And the Collins English Dictionary word of the year is...
Humblebrag, bakeoff, hangry and Bridezilla make final list as new edition published
Benedict Cumberbatch ‘photobombed’ U2 at the Oscars earlier this year. The word photobomb has been named word of the year by Collins English Dictionary.
Photobomb, an action brought to the nation’s consciousness by a host of famous figures from Jennifer Lawrence to the Queen, has been named the word of the year by Collins English Dictionary.
Other finalists in the tome’s annual list include humblebrag, “a statement that purports to be self-effacing but in fact reveals a person’s wealth or importance”, and bakeoff, a term which took off in 2010 after the first series of The Great British Bake Off.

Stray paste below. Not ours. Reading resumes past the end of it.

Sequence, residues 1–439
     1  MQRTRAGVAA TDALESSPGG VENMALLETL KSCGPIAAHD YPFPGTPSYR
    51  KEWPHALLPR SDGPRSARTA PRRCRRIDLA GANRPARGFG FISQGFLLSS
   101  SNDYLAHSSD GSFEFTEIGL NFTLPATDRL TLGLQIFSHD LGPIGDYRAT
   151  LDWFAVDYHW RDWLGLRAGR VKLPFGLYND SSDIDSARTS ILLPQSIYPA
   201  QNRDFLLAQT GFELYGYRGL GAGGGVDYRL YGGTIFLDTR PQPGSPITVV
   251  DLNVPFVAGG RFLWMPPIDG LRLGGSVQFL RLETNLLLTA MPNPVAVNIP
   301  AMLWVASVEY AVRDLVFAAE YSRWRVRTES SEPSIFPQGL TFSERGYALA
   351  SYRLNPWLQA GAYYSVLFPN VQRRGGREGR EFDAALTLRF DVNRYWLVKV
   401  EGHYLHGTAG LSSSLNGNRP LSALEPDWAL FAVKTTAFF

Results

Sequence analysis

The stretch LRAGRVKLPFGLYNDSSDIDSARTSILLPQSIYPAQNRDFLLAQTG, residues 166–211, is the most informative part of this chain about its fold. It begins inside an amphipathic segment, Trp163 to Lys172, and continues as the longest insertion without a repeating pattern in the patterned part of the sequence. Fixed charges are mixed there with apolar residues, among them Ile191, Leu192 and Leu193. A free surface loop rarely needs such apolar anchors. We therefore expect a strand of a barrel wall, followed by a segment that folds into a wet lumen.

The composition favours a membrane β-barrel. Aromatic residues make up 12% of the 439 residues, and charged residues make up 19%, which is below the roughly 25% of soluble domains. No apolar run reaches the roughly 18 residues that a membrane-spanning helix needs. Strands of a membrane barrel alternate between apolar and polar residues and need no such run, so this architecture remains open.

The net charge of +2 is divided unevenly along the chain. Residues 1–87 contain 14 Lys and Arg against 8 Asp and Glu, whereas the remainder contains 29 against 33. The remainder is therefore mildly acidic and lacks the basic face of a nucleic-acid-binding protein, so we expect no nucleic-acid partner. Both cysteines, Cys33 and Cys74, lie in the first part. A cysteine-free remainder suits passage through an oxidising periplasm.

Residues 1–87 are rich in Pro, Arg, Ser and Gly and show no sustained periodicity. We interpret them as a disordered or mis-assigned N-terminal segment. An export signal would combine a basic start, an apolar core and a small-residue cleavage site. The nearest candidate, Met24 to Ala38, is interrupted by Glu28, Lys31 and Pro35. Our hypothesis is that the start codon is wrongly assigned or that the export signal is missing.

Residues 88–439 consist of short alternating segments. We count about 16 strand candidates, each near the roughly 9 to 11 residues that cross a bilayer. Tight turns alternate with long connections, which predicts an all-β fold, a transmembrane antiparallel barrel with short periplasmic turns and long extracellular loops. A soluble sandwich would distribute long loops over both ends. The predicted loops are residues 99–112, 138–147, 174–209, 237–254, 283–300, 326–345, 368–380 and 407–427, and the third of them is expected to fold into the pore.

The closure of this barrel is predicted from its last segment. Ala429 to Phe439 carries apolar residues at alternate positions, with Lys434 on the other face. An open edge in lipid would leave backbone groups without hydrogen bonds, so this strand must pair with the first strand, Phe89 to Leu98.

Further words include hangry, described as “irritable as a result of feeling hungry”, Bridezilla, “a woman whose behaviour in planning her wedding is described as intolerable”, and Tinder, the name of the popular dating app which matches users in their local area.
The first recorded use of the word photobomb was in 2008 as the subject of a Google search.
It went on to became widely used in 2012 when a number of amusing photographs went viral on the net, notably Lawrence making sure the focus of a picture of Taylor Swift at the Golden Globes was all on her, and Benedict Cumberbatch commandeering a photo of U2 at the Oscars.
And even the Queen got in on the action this summer when she appeared in the background of a snap taken at the Commonwealth Games in Glasgow.
Collins’ Word of the Year contest coincides with today’s publication of the new edition of Collins English Dictionary.